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Consumer Financial Protection Bureau (CFPB) Publishes Procedures to Ensure Consumers Making Remittance Transfers are Protected
“Consumers need and deserve to have greater transparency and basic consumer protections when transferring money internationally,” said CFPB Director Richard Cordray. “Today’s examination procedures will help ensure that they are getting just that from their remittance providers.”
Consumers send tens of billions of dollars from the United States to foreign countries each year. Prior to the passage of the Dodd-Frank Wall Street Reform and Consumer Protection Act, these international money transfers were generally not covered by federal consumer protection regulations. The Dodd-Frank Act expanded the scope of the Electronic Fund Transfer Act to provide protections for senders of remittance transfers. In February 2012, the CFPB issued a final rule outlining how covered providers of remittance transfers should treat consumers who send money abroad.
The rule, which goes into effect on October 28, 2013, has been subsequently revised to address concerns related to some specific implementation challenges. The rule applies to many companies that offer international transfers to consumers, including banks, credit unions, and money transmitters. It does not, however, apply to companies that consistently provide 100 or fewer remittance transfers each year, nor does it apply to transactions under $15.
The remittance transfer rule was designed to bring new levels of transparency to international money transfers. CFPB examiners will use today’s procedures as a guide to ensure that remittance transfer providers are complying with requirements of federal consumer financial law, including:
- · Providing required disclosures: The CFPB remittance rule requires that providers disclose information about certain fees, the exchange rate, and the amount to be received by the recipient. Disclosures must generally be provided when the consumer first requests a transfer. After payment is made, consumers are entitled to additional information or, in some cases, a proof of payment.
- · Following proper error resolution procedures: Remittance providers must to investigate and resolve errors. These procedures must include notifying the consumer of the outcome of the investigation.
- · Offering refund and cancellation rights to consumers: Consumers may cancel most remittance transfers up to thirty minutes after payment. Examiners will be looking to make sure that the provider refunds the consumer’s money, at no additional cost to the consumer, within three business days if the consumer makes an appropriate request in time.
Examiners will also review the activities of international money transfer providers for other consumer risks, including potentially unfair, deceptive, or abusive acts or practices. When necessary, examiners will coordinate and work closely with the CFPB’s enforcement staff to take appropriate enforcement actions to address harm to consumers.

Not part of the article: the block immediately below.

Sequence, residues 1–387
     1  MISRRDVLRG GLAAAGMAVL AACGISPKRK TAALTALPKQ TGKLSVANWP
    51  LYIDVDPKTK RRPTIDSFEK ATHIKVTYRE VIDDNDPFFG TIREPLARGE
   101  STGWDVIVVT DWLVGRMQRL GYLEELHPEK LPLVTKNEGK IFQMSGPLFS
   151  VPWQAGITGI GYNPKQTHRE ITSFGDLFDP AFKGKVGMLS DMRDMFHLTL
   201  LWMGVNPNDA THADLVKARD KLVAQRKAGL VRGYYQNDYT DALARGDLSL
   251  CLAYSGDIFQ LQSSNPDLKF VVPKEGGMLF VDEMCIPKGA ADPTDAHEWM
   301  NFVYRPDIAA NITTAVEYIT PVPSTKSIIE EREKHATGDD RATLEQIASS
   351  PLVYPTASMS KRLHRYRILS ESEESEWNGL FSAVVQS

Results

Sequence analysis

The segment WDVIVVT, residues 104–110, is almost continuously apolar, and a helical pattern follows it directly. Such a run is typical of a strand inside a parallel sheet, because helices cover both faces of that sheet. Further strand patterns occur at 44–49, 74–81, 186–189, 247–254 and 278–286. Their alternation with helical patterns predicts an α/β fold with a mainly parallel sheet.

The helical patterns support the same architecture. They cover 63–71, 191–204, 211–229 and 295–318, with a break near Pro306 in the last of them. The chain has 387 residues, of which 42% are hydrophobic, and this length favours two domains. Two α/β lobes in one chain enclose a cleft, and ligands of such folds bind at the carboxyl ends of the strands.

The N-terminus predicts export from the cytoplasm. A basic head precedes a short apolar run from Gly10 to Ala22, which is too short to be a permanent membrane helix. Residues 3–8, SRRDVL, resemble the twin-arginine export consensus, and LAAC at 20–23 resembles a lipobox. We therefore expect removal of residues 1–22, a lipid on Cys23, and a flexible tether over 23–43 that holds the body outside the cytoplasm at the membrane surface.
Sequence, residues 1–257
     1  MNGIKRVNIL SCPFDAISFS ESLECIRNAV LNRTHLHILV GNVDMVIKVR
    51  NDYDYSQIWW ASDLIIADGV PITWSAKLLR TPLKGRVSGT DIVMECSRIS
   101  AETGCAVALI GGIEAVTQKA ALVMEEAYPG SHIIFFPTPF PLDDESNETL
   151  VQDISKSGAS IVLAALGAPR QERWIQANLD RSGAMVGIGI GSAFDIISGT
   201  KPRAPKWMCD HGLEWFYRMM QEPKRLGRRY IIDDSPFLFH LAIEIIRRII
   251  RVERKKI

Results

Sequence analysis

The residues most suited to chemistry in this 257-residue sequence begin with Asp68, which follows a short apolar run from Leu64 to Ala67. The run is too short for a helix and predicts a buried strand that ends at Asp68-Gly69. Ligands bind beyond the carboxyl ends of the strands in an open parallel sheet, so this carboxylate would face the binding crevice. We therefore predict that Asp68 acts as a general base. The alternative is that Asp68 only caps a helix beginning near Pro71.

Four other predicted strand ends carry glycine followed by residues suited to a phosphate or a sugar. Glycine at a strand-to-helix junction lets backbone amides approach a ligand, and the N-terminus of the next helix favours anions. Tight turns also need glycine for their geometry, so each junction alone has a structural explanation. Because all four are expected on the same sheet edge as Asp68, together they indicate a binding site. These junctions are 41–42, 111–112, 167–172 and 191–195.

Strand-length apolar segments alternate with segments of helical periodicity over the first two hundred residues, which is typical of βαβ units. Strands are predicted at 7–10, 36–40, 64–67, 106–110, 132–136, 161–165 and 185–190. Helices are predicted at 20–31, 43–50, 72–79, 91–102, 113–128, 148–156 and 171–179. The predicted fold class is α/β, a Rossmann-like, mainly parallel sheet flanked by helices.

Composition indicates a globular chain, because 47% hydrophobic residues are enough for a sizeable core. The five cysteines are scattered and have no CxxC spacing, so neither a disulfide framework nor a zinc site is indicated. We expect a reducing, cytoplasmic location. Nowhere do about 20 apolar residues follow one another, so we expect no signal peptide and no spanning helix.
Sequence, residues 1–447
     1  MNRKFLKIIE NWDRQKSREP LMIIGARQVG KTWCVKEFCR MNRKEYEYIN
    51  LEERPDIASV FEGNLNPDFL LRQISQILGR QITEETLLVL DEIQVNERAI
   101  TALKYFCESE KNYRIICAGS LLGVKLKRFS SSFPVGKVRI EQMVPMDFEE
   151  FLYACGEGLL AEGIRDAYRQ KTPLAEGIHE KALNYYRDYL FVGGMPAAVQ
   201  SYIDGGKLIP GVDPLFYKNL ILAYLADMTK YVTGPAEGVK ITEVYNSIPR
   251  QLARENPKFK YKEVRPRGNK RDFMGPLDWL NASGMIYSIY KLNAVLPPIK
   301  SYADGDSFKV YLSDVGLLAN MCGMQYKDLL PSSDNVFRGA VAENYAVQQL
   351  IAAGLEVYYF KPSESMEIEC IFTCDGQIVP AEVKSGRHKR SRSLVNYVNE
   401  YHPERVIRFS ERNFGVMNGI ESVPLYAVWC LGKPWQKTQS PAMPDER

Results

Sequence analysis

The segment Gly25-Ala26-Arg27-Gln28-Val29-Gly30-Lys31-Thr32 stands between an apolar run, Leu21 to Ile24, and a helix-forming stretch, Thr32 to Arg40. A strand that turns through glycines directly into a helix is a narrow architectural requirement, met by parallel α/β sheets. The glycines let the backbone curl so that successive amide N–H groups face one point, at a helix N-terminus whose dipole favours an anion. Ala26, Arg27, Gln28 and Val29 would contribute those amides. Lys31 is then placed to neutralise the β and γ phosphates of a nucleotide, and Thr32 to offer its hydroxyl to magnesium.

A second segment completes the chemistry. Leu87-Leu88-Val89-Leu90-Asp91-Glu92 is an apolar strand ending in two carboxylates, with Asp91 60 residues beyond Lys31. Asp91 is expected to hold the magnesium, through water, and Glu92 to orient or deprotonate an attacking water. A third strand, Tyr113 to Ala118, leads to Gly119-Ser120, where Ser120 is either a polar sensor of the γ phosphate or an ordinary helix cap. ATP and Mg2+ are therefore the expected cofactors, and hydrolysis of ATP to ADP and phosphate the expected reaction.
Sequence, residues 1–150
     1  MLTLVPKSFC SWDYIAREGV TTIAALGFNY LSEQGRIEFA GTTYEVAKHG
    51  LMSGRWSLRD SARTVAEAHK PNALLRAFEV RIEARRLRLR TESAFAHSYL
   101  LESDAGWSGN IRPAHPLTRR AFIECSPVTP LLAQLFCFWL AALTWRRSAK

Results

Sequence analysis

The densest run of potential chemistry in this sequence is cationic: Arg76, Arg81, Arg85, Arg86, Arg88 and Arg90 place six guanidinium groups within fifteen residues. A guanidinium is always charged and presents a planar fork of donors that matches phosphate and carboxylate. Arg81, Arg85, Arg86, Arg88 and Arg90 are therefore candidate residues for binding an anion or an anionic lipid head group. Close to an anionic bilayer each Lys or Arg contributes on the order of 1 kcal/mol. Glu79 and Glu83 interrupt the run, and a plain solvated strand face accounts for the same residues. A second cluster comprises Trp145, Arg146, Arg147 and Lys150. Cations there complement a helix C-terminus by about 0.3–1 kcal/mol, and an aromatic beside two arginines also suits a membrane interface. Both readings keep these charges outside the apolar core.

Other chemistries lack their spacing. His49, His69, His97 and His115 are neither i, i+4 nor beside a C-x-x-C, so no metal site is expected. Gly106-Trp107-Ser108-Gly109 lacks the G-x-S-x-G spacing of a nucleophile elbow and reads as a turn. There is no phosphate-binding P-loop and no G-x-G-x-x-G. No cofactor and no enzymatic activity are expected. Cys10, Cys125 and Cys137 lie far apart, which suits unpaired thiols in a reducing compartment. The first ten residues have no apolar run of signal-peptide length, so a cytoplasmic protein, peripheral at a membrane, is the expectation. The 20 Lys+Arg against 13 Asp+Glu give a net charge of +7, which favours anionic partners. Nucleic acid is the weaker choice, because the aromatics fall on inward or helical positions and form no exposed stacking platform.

The CFPB is coordinating with other regulators to ensure they all have a shared understanding of the CFPB’s new rules. Today’s procedures are based on procedures that the CFPB and other examining agencies developed through the Federal Financial Institutions Examination Council. This interagency effort will promote consistent supervision of remittance providers.
In addition to the examination procedures, the CFPB has developed a small entity compliance guide to assist the industry in its implementation of the rule’s requirements. To raise awareness of the rule and its requirements, the CFPB has been holding webinars and information sessions at a number of industry conferences in addition to addressing questions from stakeholders.
Resources on the CFPB’s remittance transfer rule are available at: http://www.consumerfinance.gov/remittances-transfer-rule-amendment-to-regulation-e/
The Remittance Transfer Examination Procedures can be found at: http://files.consumerfinance.gov/f/201310_cfpb_remittance-transfer-examination-procedures.pdf
In conjunction with the examination procedures, the Bureau is releasing “eRegulations,” a web-based, open source tool that aims to make regulations easier to find, read, and understand. Regulation E is the first regulation to be included in this new tool and the contents of Regulation E, including the final remittance rule, can be accessed with eRegulations. The eRegulations tool lets users identify and display definitions for specific terms within regulation text, move easily among past, present and future versions of a regulation, and smoothly navigate between regulation text, official interpretations, appendices, and certain section-by-section analyses contained within Federal Register notices.
The CFPB created this tool with the goals of increased compliance, more efficient supervision, and improved accessibility. When all of those involved can better understand the regulations, the regulations are more likely to achieve their objectives and better protect consumers. The Bureau sought feedback from various stakeholders in the development of eRegulations. This tool is a work in progress and the CFPB welcomes feedback at CFPB_eRegs_Team@cfpb.gov.
The eRegulations tool can be found at: http://www.consumerfinance.gov/eregulations/1005
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The Consumer Financial Protection Bureau is a 21st century agency that helps consumer finance markets work by making rules more effective, by consistently and fairly enforcing those rules, and by empowering consumers to take more control over their economic lives. For more information, visit consumerfinance.gov.